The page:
For the minimum. In elections that have exposed the deep political divisions in the country, the former attorney general and candidate of the conservative People’s Power Party (PPP), Yoon Suk-yeol, will be the new president of South Korea, after a victory by a margin the thickness of a sheet of paper against his rival, Lee Jae-myung, former governor of Gyeonggi province, and representative of the progressive Democratic Party (PD), until now in government.
After the end of the count in the early hours of this Thursday, Yoon, 61, was the winner with 48.56% of the votes, compared to 47.83% achieved by Lee. In his victory speech, the former prosecutor congratulated himself on the “great victory of the South Korean people.” His rival has accepted defeat and apologized to her voters, noting: “I have done my best, but I have not lived up to expectations.” “I hope that the president-elect will rise above divisions and conflicts and usher in a new era of harmony and national unity,” he added.
The result breaks the ten-year cycle of alternation in power between conservatives and progressives that had become a tradition in South Korea’s democratic history. The PD has remained in the government for five, during the mandate of outgoing President Moon Jae-in. Moon did not appear because the Constitution prohibits heads of state from running for re-election.
The victory of Yoon, a newcomer in politics, also represents a surprising return to power of the PPP after a heavy defeat in the 2017 elections. Those elections were held after the impeachment of the conservative president Park Geun-hye, by a grotesque corruption scandal in which the leader’s ties to shamanism came to light. Tens of thousands of people had taken to the streets every week in the main South Korean cities to demand the departure of the then head of state. Paradoxically, as attorney general Yoon was responsible for Park being found guilty and ending up in jail.
The elections this Wednesday were held after a bitter campaign full of insults, accusations of corruption and scandals. But although polls indicated that neither candidate enjoyed widespread popularity among citizens, turnout reached 77.1% in a census of 44 million calls to the polls.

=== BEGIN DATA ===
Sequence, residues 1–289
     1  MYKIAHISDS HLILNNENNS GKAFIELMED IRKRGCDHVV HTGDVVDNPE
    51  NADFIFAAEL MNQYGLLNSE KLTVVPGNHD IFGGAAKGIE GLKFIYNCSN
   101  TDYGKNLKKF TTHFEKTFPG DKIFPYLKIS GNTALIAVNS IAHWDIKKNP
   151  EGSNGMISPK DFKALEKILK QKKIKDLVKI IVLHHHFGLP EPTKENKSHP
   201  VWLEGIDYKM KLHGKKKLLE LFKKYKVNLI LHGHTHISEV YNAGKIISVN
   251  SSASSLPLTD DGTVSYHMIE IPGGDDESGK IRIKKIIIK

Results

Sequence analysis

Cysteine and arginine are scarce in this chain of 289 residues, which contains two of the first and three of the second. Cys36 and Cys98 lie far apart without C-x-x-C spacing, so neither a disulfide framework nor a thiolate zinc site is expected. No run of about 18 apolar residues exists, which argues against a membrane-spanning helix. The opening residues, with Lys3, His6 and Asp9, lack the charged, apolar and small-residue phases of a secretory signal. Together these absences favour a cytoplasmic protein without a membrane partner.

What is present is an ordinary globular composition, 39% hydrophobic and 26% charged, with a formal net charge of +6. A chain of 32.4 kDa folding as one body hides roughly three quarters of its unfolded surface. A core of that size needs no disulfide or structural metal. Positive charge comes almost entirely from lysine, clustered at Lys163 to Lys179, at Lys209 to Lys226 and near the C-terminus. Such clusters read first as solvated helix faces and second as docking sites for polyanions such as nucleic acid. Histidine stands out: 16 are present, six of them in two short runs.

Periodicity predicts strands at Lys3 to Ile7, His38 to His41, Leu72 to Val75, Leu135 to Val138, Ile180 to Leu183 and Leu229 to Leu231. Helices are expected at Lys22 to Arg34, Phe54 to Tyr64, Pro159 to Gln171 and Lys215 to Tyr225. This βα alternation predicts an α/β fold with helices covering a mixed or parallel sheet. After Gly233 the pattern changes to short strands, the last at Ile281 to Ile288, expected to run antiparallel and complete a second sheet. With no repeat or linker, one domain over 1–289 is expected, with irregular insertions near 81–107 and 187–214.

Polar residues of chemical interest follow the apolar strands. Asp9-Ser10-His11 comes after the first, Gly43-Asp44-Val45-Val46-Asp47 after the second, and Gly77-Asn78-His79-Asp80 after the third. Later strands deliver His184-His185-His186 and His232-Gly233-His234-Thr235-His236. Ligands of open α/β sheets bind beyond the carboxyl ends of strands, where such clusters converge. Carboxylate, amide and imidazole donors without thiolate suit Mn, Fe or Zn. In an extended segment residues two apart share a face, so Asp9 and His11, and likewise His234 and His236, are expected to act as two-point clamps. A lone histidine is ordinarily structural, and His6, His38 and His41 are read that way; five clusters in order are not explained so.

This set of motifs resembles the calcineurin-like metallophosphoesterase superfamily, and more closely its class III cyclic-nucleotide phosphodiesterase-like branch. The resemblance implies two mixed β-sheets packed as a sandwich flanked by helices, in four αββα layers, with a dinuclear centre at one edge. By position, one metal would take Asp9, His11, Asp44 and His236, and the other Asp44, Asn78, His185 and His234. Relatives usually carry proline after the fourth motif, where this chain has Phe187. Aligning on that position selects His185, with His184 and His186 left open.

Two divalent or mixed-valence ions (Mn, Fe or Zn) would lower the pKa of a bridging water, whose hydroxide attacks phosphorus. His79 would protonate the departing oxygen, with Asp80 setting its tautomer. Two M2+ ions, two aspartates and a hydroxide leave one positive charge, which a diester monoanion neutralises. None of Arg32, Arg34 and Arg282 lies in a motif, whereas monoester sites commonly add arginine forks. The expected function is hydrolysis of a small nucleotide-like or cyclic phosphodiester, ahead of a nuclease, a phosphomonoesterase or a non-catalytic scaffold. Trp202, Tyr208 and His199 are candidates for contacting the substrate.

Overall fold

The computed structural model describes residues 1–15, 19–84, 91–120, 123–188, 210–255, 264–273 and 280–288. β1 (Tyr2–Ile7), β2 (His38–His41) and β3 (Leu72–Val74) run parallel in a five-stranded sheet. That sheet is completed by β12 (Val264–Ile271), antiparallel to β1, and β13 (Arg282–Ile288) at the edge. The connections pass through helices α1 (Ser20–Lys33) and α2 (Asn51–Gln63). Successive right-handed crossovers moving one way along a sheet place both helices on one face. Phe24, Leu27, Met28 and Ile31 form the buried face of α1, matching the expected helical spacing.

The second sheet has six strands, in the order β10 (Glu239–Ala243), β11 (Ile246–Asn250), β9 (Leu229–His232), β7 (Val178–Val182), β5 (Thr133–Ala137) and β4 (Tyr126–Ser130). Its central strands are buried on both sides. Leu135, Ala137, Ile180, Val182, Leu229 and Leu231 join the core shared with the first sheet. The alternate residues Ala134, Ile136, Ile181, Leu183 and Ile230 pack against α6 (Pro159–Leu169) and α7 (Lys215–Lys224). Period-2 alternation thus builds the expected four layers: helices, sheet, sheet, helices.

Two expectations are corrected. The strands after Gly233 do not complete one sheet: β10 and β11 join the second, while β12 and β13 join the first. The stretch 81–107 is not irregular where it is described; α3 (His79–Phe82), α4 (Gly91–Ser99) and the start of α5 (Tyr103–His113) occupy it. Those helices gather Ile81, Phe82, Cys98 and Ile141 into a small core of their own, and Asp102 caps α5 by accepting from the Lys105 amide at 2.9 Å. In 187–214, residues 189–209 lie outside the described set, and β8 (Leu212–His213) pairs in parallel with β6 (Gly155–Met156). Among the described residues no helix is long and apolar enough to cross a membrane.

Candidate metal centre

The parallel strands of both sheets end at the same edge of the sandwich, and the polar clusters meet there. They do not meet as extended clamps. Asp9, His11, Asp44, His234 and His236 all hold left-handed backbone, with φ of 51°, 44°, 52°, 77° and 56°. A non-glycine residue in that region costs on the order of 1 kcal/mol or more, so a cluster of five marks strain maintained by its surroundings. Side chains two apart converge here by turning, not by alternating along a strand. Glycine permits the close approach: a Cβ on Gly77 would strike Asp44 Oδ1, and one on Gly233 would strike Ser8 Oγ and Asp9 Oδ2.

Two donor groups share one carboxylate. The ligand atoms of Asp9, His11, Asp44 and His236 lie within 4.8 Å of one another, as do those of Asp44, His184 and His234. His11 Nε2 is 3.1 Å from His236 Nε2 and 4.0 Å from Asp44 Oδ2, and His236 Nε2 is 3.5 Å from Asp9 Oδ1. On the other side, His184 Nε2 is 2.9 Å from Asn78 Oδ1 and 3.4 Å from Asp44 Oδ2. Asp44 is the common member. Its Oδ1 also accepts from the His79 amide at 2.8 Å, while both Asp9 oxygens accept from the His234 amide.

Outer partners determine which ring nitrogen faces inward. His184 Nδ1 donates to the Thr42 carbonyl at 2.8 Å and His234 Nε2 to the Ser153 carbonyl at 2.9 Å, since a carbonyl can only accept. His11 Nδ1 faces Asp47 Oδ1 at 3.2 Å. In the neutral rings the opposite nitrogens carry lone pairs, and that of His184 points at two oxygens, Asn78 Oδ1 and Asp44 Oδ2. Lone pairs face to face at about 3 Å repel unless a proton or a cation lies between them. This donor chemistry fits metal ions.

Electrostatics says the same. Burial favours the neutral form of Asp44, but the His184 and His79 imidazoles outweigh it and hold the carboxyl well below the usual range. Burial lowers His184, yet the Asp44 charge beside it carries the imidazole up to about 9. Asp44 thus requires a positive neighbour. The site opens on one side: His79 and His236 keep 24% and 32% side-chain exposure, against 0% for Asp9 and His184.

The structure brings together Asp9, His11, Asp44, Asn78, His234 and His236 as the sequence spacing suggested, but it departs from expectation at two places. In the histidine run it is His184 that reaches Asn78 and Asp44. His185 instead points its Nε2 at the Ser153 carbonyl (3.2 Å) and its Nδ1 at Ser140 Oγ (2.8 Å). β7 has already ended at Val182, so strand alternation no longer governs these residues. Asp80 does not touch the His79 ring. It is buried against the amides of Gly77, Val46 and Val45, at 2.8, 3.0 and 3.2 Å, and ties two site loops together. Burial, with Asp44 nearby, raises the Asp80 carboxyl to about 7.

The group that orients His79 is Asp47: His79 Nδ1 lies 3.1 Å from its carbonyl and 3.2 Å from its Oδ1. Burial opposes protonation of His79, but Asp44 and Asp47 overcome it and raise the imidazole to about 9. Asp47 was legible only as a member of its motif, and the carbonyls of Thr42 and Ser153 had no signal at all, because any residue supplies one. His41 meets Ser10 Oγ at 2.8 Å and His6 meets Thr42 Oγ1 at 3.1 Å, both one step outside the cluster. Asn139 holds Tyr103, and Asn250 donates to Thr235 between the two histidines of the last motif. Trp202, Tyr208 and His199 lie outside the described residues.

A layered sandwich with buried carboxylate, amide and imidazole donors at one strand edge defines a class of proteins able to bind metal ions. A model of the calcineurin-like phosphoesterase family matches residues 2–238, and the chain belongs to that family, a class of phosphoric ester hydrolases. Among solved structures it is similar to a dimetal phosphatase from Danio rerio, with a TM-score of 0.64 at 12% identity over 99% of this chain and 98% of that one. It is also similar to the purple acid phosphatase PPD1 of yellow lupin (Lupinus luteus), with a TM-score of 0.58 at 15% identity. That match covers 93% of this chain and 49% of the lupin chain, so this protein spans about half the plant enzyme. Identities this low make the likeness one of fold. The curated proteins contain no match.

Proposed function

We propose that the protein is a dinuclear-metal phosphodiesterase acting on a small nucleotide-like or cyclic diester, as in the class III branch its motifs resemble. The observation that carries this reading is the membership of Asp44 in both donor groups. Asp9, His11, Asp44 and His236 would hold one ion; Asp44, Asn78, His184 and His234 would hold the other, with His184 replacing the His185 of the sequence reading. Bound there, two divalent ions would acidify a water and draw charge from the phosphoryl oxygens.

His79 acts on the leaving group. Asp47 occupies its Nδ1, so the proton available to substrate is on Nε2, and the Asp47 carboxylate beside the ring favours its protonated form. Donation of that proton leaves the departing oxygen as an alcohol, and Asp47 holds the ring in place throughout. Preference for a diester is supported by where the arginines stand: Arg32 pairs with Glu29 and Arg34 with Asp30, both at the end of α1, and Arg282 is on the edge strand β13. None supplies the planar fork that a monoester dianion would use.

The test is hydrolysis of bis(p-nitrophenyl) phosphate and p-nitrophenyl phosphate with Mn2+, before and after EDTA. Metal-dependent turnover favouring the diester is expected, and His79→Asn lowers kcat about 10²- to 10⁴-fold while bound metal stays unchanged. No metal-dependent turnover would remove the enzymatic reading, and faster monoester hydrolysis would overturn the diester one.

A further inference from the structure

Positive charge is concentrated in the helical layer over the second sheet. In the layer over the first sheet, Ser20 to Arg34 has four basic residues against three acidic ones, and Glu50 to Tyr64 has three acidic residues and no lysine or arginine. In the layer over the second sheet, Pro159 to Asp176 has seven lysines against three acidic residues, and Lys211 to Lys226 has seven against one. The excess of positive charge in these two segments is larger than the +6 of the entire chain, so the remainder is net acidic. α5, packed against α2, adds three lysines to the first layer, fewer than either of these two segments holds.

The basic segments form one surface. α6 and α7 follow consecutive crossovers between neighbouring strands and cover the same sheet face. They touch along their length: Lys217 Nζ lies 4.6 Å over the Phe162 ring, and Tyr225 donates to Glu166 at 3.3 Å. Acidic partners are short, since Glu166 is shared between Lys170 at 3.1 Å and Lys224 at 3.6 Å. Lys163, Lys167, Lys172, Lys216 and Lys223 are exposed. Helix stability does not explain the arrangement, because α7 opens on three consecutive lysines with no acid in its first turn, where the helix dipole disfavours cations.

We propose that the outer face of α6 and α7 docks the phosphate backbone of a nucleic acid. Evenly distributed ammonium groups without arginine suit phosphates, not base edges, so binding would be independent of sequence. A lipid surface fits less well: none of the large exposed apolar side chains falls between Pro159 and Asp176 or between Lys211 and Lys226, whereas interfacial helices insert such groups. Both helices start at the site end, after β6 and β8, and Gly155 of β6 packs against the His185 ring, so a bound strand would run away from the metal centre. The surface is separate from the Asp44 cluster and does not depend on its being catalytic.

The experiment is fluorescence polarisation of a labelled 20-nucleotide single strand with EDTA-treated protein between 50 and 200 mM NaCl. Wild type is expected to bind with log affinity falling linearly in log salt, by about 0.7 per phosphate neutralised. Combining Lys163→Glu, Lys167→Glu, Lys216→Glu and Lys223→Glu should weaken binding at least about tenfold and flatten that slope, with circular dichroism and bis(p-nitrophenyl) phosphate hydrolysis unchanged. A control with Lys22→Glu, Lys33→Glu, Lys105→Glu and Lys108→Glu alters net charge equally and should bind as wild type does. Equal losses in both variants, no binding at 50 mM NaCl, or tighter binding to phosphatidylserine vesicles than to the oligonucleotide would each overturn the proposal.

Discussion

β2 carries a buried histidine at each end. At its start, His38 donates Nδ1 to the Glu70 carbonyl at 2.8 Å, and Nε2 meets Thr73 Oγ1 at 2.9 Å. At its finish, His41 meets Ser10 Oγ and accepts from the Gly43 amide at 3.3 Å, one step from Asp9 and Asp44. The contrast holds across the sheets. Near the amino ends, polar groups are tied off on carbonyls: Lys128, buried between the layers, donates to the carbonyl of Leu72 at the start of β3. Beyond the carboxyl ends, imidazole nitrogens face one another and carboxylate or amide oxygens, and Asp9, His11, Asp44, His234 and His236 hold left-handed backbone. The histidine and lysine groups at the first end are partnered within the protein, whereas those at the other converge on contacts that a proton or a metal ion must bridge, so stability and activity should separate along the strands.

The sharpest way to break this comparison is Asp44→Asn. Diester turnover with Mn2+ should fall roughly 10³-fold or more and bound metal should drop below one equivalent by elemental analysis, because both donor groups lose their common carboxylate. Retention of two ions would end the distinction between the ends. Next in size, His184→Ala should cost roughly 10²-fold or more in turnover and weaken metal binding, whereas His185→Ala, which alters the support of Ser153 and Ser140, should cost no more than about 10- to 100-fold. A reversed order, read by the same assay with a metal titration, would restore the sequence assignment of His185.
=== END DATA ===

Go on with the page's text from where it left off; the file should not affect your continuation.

The elected president has promised to fight corruption and promote equality. During the campaign, voters had expressed particular concern about youth unemployment, high housing prices and inequality.
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The divisions have been revealed in the composition of their vote. Among those under 30 years of age, 59% of men have opted for the former attorney general, while barely a third did so for the progressive candidate. In contrast, women in that demographic leaned overwhelmingly for Lee (58%), with 34% for Yoon.
This fracture is explained by the positions of the conservative candidate during the campaign. Although she has described herself as a “feminist”, in controversial statements she has also indicated that, among other things, she will eliminate the Ministry of Equality, considering that women are not discriminated against in South Korea. A reading in which she contradicts the OECD: the gender wage gap in that country is the deepest of all the Member States and the salary of women is less than a third of that of men.
Approach to the US and Japan
In foreign policy, Yoon is expected to seek rapprochement with the United States and Japan. Relations with the neighboring country did not go through their best moment during Moon’s mandate, due to tensions with historical roots and territorial disputes. One of his first challenges is expected to be the behavior of North Korea, which since the beginning of this year has resumed an intense campaign of missile tests after the failure of negotiations with the United States on the denuclearization of the peninsula and after that the policy of rapprochement that characterized the Moon era did not yield results. Next month marks the 110th anniversary of the birth of regime founder Kim Il Sung, and Pyongyang may want to mark the date with a launch.
In a first press conference after his victory, Yoon has indicated that he will keep the door “always open” for dialogue with North Korea, although he also warned with a “severe” response to the neighboring country if necessary, reports Efe.
Election day was marked by the covid pandemic, which caused schools to remain open an hour and a half beyond the usual time in an election, to allow those infected to go to the polls. South Korea is experiencing a strong wave of the omicron variant, which left 340,000 new infections on Wednesday and keeps more than a million people confined to their homes.
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